+nokeepopen.

       +[no]multiline
              This  option prints [or does not print] records, like the SOA records, in a verbose
              multi-line format with human-readable comments. The default is to print each record
              on a single line to facilitate machine parsing of the dig output.

       +ndots=D
              This  option  sets  the  number  of  dots (D) that must appear in name for it to be
              considered absolute. The default value is that defined using the ndots statement in
              /etc/resolv.conf,  or 1 if no ndots statement is present. Names with fewer dots are
              interpreted as relative names, and are searched for in the domains  listed  in  the
              search or domain directive in /etc/resolv.conf if +search is set.

       +[no]nsid
              When  enabled,  this  option includes an EDNS name server ID request when sending a
              query.

       +[no]nssearch
              When this option is set, dig attempts to find the authoritative  name  servers  for
              the  zone containing the name being looked up, and display the SOA record that each
              name server has for the zone.  Addresses of servers that did not respond  are  also
              printed.

       +[no]onesoa
              When  enabled, this option prints only one (starting) SOA record when performing an
              AXFR. The default is to print both the starting and ending SOA records.

       +[no]opcode=value
              When enabled, this option sets (restores) the DNS message opcode to  the  specified
              value. The default value is QUERY (0).

       +padding=value
              This  option  pads  the  size  of the query packet using the EDNS Padding option to
              blocks of value bytes. For example, +padding=32 causes a 48-byte query to be padded
              to  64  bytes.  The default block size is 0, which disables padding; the maximum is
              512. Values are ordinarily expected to be powers of two, such as 128; however, this
              is  not  mandatory. Responses to padded queries may also be padded, but only if the
              query uses TCP or DNS COOKIE.

       +qid=value
              This option specifies the query ID to use when sending queries.

       +[no]qr
              This option toggles the display of the query message as it is sent. By default, the
              query is not printed.

       +[no]question
              This  option  toggles the display of the question section of a query when an answer
              is returned. The default is to print the question section as a comment.

       +[no]raflag
              This option sets [or does not set] the RA (Recursion Available) bit in  the  query.
              The default is +noraflag. This bit is ignored by the server for QUERY.

       +[no]rdflag
              This option is a synonym for +[no]recurse.

       +[no]recurse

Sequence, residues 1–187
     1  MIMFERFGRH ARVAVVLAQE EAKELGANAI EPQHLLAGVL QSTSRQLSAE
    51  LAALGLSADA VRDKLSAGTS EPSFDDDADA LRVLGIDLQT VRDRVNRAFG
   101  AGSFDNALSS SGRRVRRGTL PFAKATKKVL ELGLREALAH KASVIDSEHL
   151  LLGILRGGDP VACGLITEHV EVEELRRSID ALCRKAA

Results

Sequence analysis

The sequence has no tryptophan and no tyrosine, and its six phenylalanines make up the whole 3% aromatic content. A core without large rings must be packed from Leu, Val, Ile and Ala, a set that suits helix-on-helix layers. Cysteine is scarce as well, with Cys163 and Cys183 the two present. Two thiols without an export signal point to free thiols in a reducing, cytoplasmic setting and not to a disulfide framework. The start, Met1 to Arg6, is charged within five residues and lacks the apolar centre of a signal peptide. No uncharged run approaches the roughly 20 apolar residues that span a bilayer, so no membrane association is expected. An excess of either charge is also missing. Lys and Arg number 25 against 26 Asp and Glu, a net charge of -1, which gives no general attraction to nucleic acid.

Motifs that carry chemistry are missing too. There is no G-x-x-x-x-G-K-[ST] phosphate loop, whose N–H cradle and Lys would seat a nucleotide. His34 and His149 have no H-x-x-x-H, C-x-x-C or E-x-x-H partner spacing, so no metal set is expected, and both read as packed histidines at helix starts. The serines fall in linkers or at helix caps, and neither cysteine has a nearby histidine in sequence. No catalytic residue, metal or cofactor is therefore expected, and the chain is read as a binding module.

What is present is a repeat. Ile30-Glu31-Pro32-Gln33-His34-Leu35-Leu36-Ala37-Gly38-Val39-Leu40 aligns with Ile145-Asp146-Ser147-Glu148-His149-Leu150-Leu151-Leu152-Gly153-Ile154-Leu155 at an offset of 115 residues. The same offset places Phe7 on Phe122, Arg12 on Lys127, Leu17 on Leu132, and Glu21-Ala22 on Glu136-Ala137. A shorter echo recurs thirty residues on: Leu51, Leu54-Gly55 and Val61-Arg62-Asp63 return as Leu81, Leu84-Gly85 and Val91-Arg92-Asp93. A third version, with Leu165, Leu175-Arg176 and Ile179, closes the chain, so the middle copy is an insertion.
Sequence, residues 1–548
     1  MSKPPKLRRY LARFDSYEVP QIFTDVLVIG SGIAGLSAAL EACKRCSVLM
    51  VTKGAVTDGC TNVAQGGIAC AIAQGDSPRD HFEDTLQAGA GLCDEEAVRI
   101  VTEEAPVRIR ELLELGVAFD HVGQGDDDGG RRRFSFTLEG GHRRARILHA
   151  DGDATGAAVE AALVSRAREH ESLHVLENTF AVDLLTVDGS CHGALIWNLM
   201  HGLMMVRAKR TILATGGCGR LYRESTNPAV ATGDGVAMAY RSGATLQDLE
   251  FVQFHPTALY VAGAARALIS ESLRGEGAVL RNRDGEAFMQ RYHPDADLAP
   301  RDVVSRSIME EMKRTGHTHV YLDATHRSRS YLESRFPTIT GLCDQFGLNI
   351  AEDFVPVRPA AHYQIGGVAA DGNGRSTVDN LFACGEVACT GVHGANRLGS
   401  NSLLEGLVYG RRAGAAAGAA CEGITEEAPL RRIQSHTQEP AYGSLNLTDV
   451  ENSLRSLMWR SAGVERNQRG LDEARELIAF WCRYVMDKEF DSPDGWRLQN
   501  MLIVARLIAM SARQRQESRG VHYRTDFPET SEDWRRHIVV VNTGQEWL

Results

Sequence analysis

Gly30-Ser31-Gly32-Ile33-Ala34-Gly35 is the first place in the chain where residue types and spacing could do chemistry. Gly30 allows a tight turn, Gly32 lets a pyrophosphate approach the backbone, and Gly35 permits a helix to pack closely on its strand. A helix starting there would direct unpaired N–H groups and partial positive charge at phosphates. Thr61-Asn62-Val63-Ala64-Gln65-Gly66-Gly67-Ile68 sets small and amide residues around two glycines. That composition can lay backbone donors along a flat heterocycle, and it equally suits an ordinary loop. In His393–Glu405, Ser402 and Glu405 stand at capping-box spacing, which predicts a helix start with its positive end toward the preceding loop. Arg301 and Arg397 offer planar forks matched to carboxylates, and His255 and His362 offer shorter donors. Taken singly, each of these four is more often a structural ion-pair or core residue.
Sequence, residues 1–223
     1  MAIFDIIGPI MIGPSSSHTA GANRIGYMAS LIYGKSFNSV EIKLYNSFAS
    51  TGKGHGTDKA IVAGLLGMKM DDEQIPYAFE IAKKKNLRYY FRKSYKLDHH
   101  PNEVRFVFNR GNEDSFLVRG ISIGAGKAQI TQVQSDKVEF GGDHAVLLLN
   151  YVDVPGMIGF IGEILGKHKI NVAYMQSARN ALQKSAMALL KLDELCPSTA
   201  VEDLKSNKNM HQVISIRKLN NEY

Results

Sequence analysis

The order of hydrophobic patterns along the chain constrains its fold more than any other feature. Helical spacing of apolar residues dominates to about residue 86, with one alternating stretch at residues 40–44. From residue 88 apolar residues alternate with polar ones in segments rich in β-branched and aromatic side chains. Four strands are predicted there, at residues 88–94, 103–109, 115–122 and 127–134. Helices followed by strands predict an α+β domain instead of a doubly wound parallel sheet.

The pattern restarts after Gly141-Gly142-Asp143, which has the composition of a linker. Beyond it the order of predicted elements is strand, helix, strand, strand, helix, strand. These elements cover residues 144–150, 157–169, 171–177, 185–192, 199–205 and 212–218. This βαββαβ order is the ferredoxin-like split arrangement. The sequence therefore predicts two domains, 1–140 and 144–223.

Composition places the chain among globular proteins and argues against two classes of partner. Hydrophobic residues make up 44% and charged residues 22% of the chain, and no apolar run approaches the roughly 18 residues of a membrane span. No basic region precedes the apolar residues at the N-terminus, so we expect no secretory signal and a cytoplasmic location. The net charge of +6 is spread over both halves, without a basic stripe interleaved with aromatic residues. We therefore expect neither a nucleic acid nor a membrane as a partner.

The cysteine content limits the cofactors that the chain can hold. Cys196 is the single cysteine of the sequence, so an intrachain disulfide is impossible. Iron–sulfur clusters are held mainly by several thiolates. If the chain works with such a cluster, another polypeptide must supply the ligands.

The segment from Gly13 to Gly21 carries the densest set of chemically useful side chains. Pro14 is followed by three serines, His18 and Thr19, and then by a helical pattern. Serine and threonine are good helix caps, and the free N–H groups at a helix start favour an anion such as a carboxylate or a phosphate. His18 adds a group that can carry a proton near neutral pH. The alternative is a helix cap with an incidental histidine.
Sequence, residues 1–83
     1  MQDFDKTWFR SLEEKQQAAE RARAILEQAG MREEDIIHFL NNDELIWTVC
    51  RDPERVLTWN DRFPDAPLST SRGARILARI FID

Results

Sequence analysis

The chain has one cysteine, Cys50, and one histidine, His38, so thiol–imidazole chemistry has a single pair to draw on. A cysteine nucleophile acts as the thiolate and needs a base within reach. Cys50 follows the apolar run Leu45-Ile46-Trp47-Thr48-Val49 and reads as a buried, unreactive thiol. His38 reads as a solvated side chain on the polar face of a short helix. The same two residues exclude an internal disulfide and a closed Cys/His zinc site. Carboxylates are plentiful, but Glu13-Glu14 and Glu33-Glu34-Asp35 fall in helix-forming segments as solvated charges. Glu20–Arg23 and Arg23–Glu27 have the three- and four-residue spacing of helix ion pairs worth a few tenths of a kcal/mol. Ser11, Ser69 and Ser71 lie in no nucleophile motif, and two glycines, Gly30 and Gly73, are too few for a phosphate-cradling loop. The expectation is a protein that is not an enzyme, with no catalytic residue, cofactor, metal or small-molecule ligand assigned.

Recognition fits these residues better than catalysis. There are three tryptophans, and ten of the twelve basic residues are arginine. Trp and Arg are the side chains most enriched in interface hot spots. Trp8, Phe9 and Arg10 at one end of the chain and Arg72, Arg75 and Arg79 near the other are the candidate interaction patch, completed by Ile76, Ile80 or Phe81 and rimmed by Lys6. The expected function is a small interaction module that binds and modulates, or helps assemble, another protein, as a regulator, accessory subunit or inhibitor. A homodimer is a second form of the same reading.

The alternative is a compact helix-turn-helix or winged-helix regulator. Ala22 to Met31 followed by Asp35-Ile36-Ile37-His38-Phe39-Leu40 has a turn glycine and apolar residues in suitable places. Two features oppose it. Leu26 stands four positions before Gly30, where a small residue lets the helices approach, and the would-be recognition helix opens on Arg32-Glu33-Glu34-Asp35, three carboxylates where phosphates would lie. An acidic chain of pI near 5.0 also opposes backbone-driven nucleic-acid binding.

This  option  toggles  the  setting of the RD (recursion desired) bit in the query.
              This bit is set by default, which  means  dig  normally  sends  recursive  queries.
              Recursion  is  automatically  disabled when the +nssearch or +trace query option is
              used.

       +retry=T
              This option sets the number of times to retry UDP and TCP queries to  server  to  T
              instead of the default, 2.  Unlike +tries, this does not include the initial query.

       +[no]rrcomments
              This  option toggles the display of per-record comments in the output (for example,
              human-readable key information about DNSKEY records). The default is not  to  print
              record comments unless multiline mode is active.

       +[no]search
              This  option  uses  [or  does not use] the search list defined by the searchlist or
              domain directive in resolv.conf, if any. The search list is not used by default.

              ndots from resolv.conf (default 1), which may be overridden by  +ndots,  determines
              whether  the  name  is treated as relative and hence whether a search is eventually
              performed.

       +[no]short
              This option toggles whether a terse answer is provided. The default is to print the
              answer  in a verbose form. This option always has a global effect; it cannot be set
              globally and then overridden on a per-lookup basis.

       +[no]showbadcookie
              This option toggles whether to show the  message  containing  the  BADCOOKIE  rcode
              before retrying the request or not. The default is to not show the messages.

       +[no]showsearch
              This option performs [or does not perform] a search showing intermediate results.

       +[no]sigchase
              This feature is now obsolete and has been removed; use delv instead.

       +split=W
              This  option  splits  long hex- or base64-formatted fields in resource records into
              chunks of W characters (where W is rounded  up  to  the  nearest  multiple  of  4).
              +nosplit  or  +split=0  causes  fields  not  to  be split at all. The default is 56
              characters, or 44 characters when multiline mode is active.

       +[no]stats
              This option toggles the printing of statistics: when the query was made,  the  size
              of  the  reply,  etc.  The  default  behavior is to print the query statistics as a
              comment after each lookup.

       +[no]subnet=addr[/prefix-length]
              This option sends [or  does  not  send]  an  EDNS  CLIENT-SUBNET  option  with  the
              specified IP address or network prefix.

              dig   +subnet=0.0.0.0/0,   or  simply  dig  +subnet=0  for  short,  sends  an  EDNS
              CLIENT-SUBNET option with an empty address and  a  source  prefix-length  of  zero,